The Politics of Harold Pinter
Though these spaces and structures serve as oppressors, they are paradoxically a source of security and independence within a collective society. The fear of these spaces being penetrated or invaded is met with the vehemence and tenacity with which Bert defends his room against the blind Negro. The Collection’s (1961) Harry is a rigorous defender of the structures of society, from which he is a beneficiary, bestowed with a position of power, autonomy and authority.49 Following the collapse of Empire, signalled by Macmillan’s public acknowledgement in ‘The Wind of Change’ speech (1960), definite British social and political principles also appeared to be under threat. Social order, manifest in the rigid and traditional class system- a social hierarchy of power, consequently seemed incompatible and foolish when the overarching structure of Empire itself became a declining power.50 Harry’s acknowledgement of this is to invite the young, socially impotent Bill into his home, to paradoxically secure the status quo to which he is accustomed. His home serves to fortify Bill’s servitude and subordinate position since his decision to take Bill out of the “slum,” is not for Bill’s benefit, but to maintain his own security and ability to determine, control and curtail the extent to which Bill can progress. Harry’s social philosophy, that “there’s nothing wrong with slum slugs in their place,” is threatened by the fact that some “slum slugs,” like Bill “won’t keep his place.”51 His justification for this reactionary attitude is that once “a slum mind gets out of the slum it sometimes persists you see, it rots everything,”52 causing a threat to the prevailing social order and contributing to the fear of the old powers concerning social mobility. Harry’s characterisation of Bill as a “slum slug” who “crawls over the walls of nice houses, leaving slime,” epitomises the repressive imperial attitude that saw the house of pre-war Britain crumbling as the potentially emancipated Bill, “rots everything…leaving slime.”53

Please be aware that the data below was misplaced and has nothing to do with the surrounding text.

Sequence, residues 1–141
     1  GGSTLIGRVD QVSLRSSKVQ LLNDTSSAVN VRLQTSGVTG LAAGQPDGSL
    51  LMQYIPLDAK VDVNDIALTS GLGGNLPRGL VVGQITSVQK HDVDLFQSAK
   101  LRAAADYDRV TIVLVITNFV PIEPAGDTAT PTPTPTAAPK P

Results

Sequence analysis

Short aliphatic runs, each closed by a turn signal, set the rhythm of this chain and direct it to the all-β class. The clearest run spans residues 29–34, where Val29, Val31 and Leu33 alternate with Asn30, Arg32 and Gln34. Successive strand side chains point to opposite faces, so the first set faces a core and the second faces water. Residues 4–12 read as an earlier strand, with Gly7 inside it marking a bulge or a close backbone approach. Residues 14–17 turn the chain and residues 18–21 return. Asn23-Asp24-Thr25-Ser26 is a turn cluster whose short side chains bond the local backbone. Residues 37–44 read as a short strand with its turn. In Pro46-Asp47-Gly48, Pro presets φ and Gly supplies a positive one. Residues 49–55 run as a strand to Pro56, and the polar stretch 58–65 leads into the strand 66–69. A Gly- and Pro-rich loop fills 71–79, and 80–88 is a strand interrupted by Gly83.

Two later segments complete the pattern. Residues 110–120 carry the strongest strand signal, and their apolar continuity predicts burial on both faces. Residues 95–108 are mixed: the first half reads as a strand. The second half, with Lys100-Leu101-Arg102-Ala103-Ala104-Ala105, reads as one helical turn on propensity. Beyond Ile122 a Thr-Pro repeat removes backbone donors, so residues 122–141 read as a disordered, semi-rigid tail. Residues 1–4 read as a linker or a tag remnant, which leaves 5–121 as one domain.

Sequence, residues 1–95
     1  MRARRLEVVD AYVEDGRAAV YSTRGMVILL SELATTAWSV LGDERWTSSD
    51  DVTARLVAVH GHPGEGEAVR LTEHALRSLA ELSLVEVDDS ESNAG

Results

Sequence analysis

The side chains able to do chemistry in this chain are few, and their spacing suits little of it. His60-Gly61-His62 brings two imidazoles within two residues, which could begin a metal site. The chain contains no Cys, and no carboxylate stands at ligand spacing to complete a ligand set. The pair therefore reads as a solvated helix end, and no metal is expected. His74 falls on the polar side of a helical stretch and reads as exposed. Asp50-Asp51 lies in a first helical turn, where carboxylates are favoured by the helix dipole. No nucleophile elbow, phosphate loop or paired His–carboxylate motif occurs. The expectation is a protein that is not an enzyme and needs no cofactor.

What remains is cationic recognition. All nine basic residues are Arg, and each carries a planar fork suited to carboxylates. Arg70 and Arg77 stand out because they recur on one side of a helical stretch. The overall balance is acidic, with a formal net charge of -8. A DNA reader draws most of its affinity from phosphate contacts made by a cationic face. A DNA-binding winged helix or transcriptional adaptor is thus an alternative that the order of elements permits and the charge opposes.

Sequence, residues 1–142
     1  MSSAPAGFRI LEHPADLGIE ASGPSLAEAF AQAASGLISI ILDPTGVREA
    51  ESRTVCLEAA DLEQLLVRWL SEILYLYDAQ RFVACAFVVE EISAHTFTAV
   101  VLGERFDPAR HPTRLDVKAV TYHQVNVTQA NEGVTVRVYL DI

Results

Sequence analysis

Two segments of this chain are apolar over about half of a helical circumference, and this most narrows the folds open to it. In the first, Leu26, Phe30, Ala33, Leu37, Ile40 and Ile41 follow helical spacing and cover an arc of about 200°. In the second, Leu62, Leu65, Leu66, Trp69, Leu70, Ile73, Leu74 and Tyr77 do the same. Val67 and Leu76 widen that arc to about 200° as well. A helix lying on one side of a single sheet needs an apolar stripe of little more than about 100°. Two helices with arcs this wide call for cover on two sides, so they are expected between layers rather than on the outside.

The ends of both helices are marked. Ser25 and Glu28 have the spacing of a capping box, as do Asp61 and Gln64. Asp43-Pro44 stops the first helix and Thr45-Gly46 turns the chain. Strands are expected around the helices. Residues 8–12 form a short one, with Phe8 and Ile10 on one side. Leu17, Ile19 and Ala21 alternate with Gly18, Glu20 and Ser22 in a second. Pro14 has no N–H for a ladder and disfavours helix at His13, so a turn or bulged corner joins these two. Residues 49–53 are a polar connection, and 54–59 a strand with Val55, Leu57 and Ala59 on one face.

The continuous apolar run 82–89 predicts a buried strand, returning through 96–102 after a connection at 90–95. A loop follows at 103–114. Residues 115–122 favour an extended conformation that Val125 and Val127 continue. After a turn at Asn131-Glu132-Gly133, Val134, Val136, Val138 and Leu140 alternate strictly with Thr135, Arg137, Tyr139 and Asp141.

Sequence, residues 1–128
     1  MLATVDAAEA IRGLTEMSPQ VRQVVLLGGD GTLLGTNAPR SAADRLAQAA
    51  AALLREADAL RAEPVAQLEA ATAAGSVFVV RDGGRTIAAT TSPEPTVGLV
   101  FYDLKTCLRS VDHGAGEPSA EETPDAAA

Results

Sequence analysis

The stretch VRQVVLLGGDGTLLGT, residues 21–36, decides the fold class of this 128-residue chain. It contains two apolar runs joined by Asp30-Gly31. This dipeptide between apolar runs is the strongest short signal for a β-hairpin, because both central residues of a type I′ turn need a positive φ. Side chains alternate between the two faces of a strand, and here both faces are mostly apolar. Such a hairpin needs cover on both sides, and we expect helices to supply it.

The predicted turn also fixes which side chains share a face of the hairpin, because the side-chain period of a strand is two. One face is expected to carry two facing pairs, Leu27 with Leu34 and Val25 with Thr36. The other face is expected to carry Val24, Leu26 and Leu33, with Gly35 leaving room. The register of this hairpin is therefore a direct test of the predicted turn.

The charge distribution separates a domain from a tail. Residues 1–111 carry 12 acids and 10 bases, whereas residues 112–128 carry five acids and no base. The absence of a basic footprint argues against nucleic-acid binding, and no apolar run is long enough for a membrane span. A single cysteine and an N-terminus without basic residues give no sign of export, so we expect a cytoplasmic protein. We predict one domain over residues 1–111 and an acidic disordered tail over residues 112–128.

Harry’s incense at the changes he perceives is delivered in a thinly veiled, civil and tempered speech, which descends into inarticulate and impotent rage. His naked aggression, indicated by his suggestion that James control his wife by “knock(ing) her over the head with a saucepan,”54 is masked by his general eloquence and gentility. Once this façade of language, of the thinly disguised metaphor of a “slum slug” disintegrates, so too does Harry’s civility. Pinter’s poem ‘The Old Days,’ laments a time in “the good old days”55 when violence against political or social dissidents, in this case “lefties,” could be dealt with using good old-fashioned violence, without justification or elaborate rhetoric to support it since it was a solution to achieving peace. Harry’s tirade marks a recognition of the need to elaborate and obfuscate meaning in order to make content more acceptable. His chosen method is to use the metaphor of slug, instead of referring to Bill directly, since violence towards a pest is more acceptable that towards a person. The use of metaphor to mask acts or threats to naked violence is consistent with Orwell’s complaints about the uses of ornamental language devices that are used “to dignify the sordid processes of international politics.”56 Pinter’s attention to the obscuring of language through metaphor is consistent throughout this period, from Edward and Flora’s torture of the wasp, to Burt’s exclamation of “lice!”57 after his brutal murder of the blind Negro.